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IMPERIAL LIFESTYLE BINDS VIBRANT, YOUNG PRINCESS.

Byline: Sheryl WuDunn The New York Times

The train carrying Japan's most famous young couple chugged into the station recently, and out came Princess Masako, all charm and elegance in a pale-green suit, waving to her picture-snapping fans and walking briskly, two steps behind the crown prince.

That is almost the only kind of public appearance that Princess Masako makes these days - a quick swish from a train to a car, en route to a hospital or charity - for she has virtually disappeared since her marriage three years ago. After a wedding that captivated this country, a union filled with the promise of imperial renaissance, these days there is only silence.

Before she married, Masako Owada was the symbol of the new Japanese career woman, an attractive Harvard-educated diplomat in the Foreign Ministry, moving with professional ease in five foreign languages.

When she became the crown princess, she was the second commoner ever to marry into the imperial family. Many in this nation brimmed with the hope that she could help update the Chrysanthemum throne, ushering into the modern age a dynasty that is the world's oldest and is shrouded in pageantry and tradition.

Now, Masako-san, as the crown princess is often called, has not only virtually vanished from sight, but is also measured by a standard that is thousands of years old: her ability to bear a son.

For the couple, producing an heir is a weighty responsibility. The emperor, Akihito, is said to be the 125th direct descendant in an imperial dynasty that reaches back 26 centuries - although these claims reflect the triumph of faith over scholarship.

But without a son in sight, people are openly discussing the succession. After Akihito, the throne goes to the crown prince, Naruhito, but if he dies without leaving a son, it will go to his younger brother, Prince Akishino. Akishino, however, has only two daughters now; after him, there is no male descendant.

So Japanese imperial-watchers are debating the possibility of the Chrysanthemum throne's going to a daughter. After all, the dynasty was spawned by a Japanese sun goddess, Amaterasu, and eight of Japan's 125 emperors have been women.

The last female emperor - the title of empress is reserved for the emperor's wife - reigned for seven years until 1770. Then a century ago, the imperial code was changed to forbid a woman from ascending the throne.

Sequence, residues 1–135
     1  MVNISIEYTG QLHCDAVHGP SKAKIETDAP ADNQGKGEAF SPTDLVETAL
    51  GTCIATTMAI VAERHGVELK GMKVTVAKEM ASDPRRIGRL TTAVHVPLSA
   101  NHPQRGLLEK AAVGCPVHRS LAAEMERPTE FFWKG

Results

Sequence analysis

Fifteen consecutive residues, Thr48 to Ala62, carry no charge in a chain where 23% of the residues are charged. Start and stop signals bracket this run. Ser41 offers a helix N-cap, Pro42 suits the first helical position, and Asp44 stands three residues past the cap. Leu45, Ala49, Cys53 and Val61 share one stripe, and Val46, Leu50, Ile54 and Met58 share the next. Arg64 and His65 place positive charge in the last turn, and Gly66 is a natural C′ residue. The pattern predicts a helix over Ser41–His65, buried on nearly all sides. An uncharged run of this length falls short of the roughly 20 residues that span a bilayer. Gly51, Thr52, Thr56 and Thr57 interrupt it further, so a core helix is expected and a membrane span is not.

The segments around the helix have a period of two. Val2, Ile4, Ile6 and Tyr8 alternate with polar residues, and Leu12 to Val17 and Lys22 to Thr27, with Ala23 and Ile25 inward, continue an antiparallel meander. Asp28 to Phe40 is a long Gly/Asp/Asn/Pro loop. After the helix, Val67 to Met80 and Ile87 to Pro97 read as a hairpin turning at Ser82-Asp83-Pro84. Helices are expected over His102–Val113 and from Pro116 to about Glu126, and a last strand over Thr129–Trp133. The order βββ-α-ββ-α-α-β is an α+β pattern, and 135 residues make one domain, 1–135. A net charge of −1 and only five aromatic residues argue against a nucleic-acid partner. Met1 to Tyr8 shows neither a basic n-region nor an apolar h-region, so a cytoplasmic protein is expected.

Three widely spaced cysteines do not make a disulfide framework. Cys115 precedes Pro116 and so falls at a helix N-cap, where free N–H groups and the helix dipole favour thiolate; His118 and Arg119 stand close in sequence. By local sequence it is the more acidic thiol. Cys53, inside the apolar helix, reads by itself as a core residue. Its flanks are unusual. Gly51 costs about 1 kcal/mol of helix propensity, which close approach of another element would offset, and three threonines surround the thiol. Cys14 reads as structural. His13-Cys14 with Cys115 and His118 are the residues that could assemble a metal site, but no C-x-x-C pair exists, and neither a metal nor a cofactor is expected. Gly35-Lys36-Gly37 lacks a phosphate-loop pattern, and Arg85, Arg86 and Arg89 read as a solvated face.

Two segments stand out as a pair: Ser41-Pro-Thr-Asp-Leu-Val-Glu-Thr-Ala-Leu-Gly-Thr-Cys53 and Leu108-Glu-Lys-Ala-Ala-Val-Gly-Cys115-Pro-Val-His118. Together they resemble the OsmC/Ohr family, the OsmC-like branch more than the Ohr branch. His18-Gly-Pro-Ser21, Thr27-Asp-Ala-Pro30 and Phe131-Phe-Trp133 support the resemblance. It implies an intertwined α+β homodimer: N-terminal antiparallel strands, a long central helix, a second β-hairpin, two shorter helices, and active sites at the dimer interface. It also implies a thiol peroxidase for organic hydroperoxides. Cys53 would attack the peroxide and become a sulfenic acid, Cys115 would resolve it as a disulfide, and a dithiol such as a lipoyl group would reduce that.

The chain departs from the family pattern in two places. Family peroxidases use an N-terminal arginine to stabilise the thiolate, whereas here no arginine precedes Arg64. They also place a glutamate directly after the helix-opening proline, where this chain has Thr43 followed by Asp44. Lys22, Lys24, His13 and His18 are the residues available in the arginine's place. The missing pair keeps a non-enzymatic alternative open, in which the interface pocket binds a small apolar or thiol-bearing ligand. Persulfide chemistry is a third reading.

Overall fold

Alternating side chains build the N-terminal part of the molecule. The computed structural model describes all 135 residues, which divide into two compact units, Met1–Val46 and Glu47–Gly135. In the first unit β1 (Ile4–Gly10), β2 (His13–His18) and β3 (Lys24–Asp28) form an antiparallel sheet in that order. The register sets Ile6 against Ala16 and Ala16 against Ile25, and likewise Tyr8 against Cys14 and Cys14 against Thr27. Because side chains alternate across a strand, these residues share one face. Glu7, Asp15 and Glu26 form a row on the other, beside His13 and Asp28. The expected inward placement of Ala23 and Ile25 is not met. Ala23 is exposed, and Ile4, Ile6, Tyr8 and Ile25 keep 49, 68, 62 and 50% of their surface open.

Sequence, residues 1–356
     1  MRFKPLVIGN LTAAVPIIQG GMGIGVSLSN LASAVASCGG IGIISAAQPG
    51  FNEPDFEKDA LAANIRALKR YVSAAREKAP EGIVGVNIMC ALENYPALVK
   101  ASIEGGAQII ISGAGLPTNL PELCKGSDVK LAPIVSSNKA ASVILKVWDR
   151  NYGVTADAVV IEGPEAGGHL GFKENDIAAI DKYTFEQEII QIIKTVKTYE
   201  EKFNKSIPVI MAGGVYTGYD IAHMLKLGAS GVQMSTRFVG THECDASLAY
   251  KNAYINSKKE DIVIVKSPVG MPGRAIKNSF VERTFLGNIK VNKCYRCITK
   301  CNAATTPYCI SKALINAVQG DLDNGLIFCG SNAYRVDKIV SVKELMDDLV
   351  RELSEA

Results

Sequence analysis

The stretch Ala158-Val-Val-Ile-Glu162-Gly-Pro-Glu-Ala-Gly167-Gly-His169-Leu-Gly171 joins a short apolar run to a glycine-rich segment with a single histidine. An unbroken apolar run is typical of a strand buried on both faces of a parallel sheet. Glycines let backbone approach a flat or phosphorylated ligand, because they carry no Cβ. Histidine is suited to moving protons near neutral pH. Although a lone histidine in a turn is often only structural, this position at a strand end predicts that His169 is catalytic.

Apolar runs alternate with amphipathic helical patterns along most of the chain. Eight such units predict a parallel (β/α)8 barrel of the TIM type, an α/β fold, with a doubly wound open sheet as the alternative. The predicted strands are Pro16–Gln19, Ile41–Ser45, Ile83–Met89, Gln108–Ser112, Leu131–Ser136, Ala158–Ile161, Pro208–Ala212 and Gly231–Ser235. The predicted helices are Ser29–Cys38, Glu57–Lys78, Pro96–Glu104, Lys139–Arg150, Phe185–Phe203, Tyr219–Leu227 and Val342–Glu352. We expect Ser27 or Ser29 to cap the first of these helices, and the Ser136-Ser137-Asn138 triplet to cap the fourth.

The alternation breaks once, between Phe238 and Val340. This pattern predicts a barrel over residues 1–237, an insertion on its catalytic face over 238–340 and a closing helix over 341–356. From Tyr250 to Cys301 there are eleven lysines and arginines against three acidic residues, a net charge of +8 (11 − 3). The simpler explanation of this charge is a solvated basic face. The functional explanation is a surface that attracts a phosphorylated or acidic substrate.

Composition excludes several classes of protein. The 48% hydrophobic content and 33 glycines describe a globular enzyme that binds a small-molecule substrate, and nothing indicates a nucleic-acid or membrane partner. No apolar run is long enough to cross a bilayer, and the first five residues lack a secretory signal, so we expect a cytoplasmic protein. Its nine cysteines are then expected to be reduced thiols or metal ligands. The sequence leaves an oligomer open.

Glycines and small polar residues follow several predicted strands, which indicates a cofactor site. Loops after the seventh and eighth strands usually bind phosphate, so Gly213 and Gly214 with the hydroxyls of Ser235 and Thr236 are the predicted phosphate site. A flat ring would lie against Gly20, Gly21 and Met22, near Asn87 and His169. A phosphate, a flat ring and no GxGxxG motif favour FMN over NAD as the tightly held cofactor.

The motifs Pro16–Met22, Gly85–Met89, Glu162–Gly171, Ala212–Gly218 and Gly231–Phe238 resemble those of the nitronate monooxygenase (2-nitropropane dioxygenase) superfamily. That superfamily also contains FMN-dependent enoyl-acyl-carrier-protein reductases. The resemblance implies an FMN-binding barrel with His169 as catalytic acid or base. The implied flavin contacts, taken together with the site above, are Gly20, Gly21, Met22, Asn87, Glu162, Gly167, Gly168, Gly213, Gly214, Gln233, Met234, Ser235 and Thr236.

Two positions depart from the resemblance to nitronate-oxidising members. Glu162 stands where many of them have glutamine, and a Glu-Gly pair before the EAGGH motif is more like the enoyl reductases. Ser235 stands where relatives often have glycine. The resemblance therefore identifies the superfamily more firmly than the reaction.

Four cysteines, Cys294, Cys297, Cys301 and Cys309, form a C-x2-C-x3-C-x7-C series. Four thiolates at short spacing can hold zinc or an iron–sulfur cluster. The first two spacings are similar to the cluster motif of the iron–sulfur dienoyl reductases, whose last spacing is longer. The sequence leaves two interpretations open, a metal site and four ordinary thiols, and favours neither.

Parliament would have to pass a new law before a woman could become emperor, but if that happened, then there would be potential long-term heirs. At least for now, for example, the throne could go to one of Prince Akishino's daughters, Mako and Kako.

Though the crown princess is only 32, there is an old Japanese saying, ``Marry for three years, and bear no child, then it's time to leave

'' But in a country where divorce is still uncommon, any kind of parting in the imperial family is unthinkable.

If there is any overwhelming feeling these days that ordinary Japanese have for the crown princess, it is sympathy. They tend to identify more with her as a commoner than with the prince, and do not often discuss publicly the prince's role in producing an heir.

``She married into a position where her responsibility is to give birth to a boy, and I feel for her,'' said Naomi Yamaha, 33, a computer engineer. ``Even as commoners, there is a lot of pressure on you to have a boy if you marry the oldest son.''

And the pressure is a thousand times more intense for the crown princess, living in a gilded imperial cage where her every move is watched and evaluated.

``Indeed, being the wife in the imperial family has got to be the No. 1 source of stress,'' said Rihachi Iizuka, a prominent fertility specialist at Keio University. ``That's why caged animals like monkeys and pandas in zoos don't have as many babies as the ones out in the wild.''

Princess Masako's royal zoo keepers are the 1,100 administrators and servants who form the Imperial Household Agency, a bastion of conservatism and protector of tradition and ritual. It has not only cloistered Princess Masako and the crown prince, but many say it has created a greater distance between the imperial family and the ordinary Japanese people.

``The Japanese imperial family is not in step with the times, with the perception of the new generation of citizens,'' said Toshiaki Kawahara, who has written many books on the imperial household. ``Unless they mix with the ordinary people, the imperial family will be forgotten.''

Another of the imperial tasks is to build links with other countries, the kind of diplomacy for which the crown princess spent her life training. But the couple's last trip abroad was to the Middle East in January 1995.

Some people say that the cloak of silence the Imperial Household Agency has now wrapped around her may be an effort to play down her presence until the royal couple produce an heir. Others say it is the agency's method of easing stress.

``The agency wants to preserve a mood of tranquillity for the couple,'' said Minoru Hamao, a former chamberlain to the emperor and a private tutor of the crown prince. ``If she comes out in public, she'd be surrounded by the press, by photographers, and it would make her nervous.''

Masako's mother-in-law, the Empress Michiko, the first commoner to be brought into the imperial fold, suddenly collapsed nearly three years ago in an incident that left her unable to speak for several months. It is still not clear what caused it, but many people blame Japan's gossipy magazines for triggering the empress' breakdown with unflattering accounts of her.
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Publication:Daily News (Los Angeles, CA)
Geographic Code:4EXCZ
Date:Sep 22, 1996
Words:946
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